Magazine article The Spectator

Subject to Non-Availability

Magazine article The Spectator

Subject to Non-Availability

Article excerpt

THE latest issue, weighing in at one pound, was delivered through my door on Monday and had as many pages as the telephone directory for the Taunton and Bridgwater area. With a cover price (`where sold') of a hefty but notional 22 and a glossy coat, it could have come from Nicholas Coleridge's stable at Vogue House. It was, in fact, the monthly edition of Foxtons Magazine, and the cover story was about the agency's website, which had details, apparently, of 4,000-plus houses, maisonettes, lofts and flats.

As it thudded on to the mat, it disturbed my unthumbed copy of Leslie Marsh and Co.'s Lifestylers publication, issue 12. This month's cover girl is the cutting-edge Westbourne Grove jeweller, Solange Azagury Partridge, who looks out at us stormily from beneath raven locks, while showing off an enamelled, knuckleduster ring.

I chuck out the rest as soon as they arrive, as well as the tear-stained, handdelivered letters we also sometimes get (and also sometimes write): `Dear Mr and Mrs Smug Owners, We have been renting in the Posh Leafy area for many years, and are now looking to buy a house of our own. Our children attend local schools, we are churchgoing pillars of the community and, frankly, it would be most unchristian of you were you to refuse to sell us your house; at a discount, seeing as we have taken the trouble to write this heartbreaking letter.'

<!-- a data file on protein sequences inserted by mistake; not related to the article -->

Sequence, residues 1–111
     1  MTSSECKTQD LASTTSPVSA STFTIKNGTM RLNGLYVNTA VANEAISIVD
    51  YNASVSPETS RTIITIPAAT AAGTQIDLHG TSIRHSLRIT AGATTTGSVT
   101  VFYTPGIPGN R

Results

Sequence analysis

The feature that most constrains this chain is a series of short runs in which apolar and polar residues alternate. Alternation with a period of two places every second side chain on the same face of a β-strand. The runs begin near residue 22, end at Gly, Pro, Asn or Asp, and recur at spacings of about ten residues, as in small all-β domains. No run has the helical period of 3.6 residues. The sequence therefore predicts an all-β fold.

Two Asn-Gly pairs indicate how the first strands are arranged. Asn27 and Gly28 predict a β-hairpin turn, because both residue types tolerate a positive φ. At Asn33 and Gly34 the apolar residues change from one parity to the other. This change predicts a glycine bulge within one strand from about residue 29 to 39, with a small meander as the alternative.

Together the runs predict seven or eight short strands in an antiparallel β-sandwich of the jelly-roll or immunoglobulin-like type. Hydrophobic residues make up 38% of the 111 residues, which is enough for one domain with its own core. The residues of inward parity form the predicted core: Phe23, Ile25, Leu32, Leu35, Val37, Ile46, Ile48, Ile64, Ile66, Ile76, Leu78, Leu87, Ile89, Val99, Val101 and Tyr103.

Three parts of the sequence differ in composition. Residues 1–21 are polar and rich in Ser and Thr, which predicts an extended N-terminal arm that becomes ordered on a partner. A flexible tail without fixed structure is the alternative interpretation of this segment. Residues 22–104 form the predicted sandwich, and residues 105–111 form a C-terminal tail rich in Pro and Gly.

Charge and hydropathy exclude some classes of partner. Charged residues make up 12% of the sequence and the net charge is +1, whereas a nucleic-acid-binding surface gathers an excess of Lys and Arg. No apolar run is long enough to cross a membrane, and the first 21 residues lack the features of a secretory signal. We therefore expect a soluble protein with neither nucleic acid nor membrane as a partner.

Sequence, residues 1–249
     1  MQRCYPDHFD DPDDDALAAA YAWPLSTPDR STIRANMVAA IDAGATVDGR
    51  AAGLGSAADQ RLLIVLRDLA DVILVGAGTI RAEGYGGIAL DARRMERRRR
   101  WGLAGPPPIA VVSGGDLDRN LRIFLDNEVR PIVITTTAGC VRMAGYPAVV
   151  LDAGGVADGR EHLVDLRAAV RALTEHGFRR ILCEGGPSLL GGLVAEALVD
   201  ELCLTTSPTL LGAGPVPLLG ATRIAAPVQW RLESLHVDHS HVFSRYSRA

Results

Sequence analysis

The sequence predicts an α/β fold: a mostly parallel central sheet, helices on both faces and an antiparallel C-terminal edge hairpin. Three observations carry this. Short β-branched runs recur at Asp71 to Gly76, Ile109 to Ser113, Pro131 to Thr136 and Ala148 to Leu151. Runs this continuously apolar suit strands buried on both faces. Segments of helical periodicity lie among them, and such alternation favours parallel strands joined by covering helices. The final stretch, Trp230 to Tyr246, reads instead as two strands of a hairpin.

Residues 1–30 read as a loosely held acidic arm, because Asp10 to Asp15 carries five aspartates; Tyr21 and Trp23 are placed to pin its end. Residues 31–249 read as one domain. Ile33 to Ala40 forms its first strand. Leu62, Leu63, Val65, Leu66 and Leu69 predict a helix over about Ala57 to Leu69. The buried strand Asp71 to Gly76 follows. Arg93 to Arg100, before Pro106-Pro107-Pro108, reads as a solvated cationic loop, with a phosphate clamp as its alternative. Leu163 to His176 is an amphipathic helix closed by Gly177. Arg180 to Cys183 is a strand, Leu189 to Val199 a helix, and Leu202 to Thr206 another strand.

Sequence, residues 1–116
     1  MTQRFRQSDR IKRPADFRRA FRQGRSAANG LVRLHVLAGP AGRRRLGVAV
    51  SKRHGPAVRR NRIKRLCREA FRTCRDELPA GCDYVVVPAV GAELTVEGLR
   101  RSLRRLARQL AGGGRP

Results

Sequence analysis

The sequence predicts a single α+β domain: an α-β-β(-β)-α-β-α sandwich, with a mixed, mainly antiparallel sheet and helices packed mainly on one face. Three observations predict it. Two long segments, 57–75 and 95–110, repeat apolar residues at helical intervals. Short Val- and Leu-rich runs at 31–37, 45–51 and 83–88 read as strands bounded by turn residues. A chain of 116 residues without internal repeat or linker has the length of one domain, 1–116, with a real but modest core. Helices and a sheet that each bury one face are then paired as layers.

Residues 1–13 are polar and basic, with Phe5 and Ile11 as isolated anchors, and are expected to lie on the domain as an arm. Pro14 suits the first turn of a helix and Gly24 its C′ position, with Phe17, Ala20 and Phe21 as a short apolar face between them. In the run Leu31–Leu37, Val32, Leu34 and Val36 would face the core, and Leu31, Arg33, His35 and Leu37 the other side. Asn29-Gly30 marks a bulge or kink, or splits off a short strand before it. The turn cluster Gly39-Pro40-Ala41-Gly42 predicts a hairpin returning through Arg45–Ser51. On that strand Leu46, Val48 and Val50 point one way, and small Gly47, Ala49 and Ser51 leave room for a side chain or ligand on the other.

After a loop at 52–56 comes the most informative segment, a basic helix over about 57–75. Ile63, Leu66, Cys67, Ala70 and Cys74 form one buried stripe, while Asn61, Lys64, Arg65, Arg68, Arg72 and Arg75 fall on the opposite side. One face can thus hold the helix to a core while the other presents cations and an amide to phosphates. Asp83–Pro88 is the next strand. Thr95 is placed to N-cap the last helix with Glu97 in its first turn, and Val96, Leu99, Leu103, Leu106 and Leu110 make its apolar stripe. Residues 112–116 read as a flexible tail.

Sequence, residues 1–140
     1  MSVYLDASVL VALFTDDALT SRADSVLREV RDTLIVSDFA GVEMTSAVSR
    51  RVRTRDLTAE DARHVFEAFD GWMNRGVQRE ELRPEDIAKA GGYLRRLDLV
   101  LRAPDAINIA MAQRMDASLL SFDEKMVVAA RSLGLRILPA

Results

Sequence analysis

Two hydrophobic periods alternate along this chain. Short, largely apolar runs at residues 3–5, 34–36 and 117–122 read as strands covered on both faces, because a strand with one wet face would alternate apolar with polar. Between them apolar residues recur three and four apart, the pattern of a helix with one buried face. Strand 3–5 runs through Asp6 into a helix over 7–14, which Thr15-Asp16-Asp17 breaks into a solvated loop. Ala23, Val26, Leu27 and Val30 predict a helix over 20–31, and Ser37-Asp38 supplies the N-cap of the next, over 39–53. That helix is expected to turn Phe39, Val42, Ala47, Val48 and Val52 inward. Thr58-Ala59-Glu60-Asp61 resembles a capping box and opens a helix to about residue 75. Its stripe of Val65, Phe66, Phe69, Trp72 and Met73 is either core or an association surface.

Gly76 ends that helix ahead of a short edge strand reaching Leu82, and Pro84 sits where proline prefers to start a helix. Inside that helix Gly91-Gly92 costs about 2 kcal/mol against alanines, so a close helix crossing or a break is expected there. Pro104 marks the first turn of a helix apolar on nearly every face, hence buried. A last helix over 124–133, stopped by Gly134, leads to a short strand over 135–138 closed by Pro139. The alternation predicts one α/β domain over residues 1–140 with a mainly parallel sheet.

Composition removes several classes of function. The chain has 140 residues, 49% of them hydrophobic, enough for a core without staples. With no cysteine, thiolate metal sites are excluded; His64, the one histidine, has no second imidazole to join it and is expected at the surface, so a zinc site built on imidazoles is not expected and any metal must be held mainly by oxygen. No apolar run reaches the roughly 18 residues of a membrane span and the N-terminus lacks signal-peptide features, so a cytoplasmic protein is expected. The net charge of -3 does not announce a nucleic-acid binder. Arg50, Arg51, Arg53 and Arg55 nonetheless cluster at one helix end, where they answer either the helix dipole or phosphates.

I am sure that I have seen stacks of similar glossy publications from Winkworth, Savills, Marsh & Parsons, Knight Frank they are all doing it. Estate agents are marketing as never before.

So why is it, I wonder, that as other magazines are shrinking or even folding during the worst advertising recession for 20 years, estate agents' pagination is at an all-time high? Which leads us to the much bigger question; let's call it the millionpound question, as everyone agrees that this is the minimum sum required to buy the meanest of hovels in a popular residential area. Given the thousands of pages of advertising puffing the thousands upon thousands of properties, why is it always the case that when the desperate househunter calls to inquire about a property, that particular one is never, um, available?

My mother Charlotte has been looking for a flat since last summer. She is a painter and her requirements are, admittedly, quite exacting. She wants a two-bedroom flat with a large studio room and plenty of light, in a portered block, and she doesn't want to move too far away from her sprinkling of grandchildren in west London.

`It's always the same,' she says. `Savills, Foxtons, Winkworth. I see a flat that I like the look of. I call the day I see the details. I reach an agent who invariably says, "That one's already sold." Then they try to engage me in a discussion of what I'm looking for. It's quite unscrupulous. It's a way of getting people on their books.'

After hearing this, I rang at random three estate agents in different parts of London and inquired about properties in their magazines. Two times out of three I was asked simply to leave voicemail messages, and on the third, the property had already been sold.

Angela Heritage, of estate agents Mountgrange Heritage, says that there are several things going on here. The first is that it's a very hot market again, so, given that the magazines take three weeks to produce, it's not surprising that a high proportion of the properties featured in them are already out of play by the time the magazines hit your doormat. …

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